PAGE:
When you’ve got three kids and one husband home sick, there’s not much you can do, except mindless tasks like folding laundry and cleaning out drawers. It was when I was organizing the children’s bookshelves that I came across Corrie and the Yankee by Mimi Cooper Levy.
I have this book because it was written by a teacher of my mother’s back in 1959. I hadn’t looked at it a long time and completely forgot about the back cover. Here’s what it reads. My mother is Jill.
Mimi Cooper Levy lives in New York City and has taught almost every grade in the public schools from first through junior high. For the last few years she has been a teacher at the famous Little Red Schoolhouse.
While she was teaching a fifth-grade class Jill, one of her pupils, complained that in books of adventure it was almost always a boy who did anything of importance. Miss Levy promised Jill that she would write a story about a girl doing “lots of brave and stirring things.”
It was some time before the promise could be realized, because Miss Levy was then deeply absorbed in research to find material for young readers on Negro history. However, during this research she came across stories about slave families like Corrie’s, and Corrie and the Yankee began to take shape in her mind.
Mimi Levy says, “As soon as I was able, I set to work to write it down–for Jill, and John too, and all the children who used to enjoy listening to my stories. I hope other children will like Corrie too.
It’s remarkable to me that so many years ago– when editors described a female writer as “Miss” and used “Negro” for African-Americans– my mother was complaining about the same thing I’m blogging about right now, that my own fifth grade daughter is experiencing today. How many girls have sat in classrooms over how many years and wondered why female heroes go missing? How many spoke up to their teachers? How many teachers wrote about it? How many girls grew up to write their own stories?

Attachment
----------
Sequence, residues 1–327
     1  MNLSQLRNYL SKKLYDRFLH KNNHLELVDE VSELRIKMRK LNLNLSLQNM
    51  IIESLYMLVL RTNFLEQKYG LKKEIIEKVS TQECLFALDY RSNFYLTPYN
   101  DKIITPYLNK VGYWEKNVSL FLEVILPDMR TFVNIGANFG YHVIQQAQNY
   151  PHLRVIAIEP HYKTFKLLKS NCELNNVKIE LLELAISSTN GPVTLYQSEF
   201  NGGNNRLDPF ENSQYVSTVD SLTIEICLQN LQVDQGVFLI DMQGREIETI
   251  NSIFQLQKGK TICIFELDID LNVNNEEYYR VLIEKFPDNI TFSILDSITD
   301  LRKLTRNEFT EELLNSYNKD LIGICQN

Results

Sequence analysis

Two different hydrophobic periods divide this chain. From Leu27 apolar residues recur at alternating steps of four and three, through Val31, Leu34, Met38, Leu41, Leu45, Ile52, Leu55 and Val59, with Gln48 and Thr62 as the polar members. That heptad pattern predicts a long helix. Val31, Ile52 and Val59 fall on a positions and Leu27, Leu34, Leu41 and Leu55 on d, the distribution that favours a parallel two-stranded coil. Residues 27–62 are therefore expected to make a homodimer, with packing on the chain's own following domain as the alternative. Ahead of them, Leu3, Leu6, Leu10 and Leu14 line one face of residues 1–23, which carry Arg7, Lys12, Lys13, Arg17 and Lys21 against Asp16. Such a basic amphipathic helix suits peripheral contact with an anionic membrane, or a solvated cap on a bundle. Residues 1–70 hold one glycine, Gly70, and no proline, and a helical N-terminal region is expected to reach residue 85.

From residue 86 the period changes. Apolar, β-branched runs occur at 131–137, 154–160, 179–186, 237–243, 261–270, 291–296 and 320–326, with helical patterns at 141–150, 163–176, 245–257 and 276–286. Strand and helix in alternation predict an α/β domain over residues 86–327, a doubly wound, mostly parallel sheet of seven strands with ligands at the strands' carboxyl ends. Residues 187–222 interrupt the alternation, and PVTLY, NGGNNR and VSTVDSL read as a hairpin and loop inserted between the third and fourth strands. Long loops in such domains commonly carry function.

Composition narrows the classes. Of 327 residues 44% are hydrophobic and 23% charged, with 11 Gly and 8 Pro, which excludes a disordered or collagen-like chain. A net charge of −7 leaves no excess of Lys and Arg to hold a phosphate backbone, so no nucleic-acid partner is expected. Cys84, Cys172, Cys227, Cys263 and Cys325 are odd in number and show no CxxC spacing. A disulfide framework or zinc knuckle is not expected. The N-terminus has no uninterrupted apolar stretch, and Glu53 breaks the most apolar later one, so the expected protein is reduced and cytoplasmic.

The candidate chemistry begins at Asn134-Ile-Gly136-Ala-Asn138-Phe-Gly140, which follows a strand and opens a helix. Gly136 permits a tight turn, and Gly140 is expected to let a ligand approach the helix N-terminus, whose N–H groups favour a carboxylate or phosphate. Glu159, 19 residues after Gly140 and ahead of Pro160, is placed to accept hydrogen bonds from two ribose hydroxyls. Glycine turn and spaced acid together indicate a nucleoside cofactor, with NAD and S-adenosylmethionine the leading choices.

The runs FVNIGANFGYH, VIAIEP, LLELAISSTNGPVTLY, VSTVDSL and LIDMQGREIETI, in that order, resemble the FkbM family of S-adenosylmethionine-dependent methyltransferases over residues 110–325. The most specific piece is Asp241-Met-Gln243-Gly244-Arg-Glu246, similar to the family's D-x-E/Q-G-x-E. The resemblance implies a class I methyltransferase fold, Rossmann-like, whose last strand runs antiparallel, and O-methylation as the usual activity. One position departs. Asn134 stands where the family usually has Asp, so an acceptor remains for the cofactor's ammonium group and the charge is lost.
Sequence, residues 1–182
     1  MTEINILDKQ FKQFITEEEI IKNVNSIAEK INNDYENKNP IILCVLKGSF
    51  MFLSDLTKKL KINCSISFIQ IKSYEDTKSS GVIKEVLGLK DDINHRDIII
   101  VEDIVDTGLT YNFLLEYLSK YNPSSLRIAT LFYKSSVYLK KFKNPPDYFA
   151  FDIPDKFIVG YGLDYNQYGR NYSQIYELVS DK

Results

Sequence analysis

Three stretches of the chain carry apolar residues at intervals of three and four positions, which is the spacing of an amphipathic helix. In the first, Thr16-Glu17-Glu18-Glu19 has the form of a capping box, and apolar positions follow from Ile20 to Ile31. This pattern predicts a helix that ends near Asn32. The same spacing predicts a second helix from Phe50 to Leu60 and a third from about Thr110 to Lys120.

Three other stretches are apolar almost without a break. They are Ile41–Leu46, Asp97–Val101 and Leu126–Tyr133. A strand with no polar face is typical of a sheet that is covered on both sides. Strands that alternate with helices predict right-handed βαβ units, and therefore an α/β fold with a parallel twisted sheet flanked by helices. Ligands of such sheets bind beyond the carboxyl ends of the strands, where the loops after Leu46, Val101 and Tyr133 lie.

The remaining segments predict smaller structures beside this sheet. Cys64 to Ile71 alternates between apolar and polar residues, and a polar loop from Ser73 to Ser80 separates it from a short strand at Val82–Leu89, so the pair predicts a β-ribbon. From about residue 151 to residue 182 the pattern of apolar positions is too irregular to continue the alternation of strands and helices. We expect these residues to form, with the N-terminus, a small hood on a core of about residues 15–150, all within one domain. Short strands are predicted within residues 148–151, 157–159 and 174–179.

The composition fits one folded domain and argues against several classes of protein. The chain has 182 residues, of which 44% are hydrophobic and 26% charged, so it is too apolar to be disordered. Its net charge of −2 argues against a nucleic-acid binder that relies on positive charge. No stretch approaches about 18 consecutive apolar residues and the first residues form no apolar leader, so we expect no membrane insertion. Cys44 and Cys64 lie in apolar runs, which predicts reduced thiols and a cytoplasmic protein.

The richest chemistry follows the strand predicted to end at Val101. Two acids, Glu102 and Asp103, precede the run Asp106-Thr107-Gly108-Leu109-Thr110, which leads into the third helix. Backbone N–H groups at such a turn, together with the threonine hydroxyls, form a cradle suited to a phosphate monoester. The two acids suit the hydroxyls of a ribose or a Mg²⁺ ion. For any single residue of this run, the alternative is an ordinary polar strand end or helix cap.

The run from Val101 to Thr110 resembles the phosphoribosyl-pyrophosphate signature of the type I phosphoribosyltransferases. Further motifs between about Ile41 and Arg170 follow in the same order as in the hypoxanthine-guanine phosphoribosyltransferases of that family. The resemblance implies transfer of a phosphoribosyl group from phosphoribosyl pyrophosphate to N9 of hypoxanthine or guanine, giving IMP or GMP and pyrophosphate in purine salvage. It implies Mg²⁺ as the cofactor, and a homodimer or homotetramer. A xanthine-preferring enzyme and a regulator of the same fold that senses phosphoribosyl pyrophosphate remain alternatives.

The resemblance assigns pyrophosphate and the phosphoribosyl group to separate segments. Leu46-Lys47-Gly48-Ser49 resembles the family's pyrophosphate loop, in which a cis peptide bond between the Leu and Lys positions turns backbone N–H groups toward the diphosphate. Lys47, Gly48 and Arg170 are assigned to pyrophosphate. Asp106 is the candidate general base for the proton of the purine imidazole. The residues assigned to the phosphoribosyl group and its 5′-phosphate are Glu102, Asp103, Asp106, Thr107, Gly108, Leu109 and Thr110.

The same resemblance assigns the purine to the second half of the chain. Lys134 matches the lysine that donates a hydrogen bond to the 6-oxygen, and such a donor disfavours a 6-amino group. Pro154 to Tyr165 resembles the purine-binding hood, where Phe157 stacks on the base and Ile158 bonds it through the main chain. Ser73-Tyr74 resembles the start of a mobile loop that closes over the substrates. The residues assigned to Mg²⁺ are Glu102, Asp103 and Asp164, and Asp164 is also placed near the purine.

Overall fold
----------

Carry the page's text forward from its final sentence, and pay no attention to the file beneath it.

It drives me crazy when I hear people say that girls are totally willing to see movies and read stories about boys, while boys supposedly aren’t interested in seeing movies or reading stories about girls. The truth is that all kids are trained, from birth, that stories about boys are important and for everyone, while stories about girls are trivial and only for girls.
The year is 2014. All kids need to experience narratives where girls do “lots of brave and stirring things.” Can we all help them to that? Parents, please seek out books and movies, apps and games that feature female characters with power and agency. Miss Representation has taught the world, “If you can’t see it, you can’t be it,” but if you can’t even imagine it, that’s the worst of all.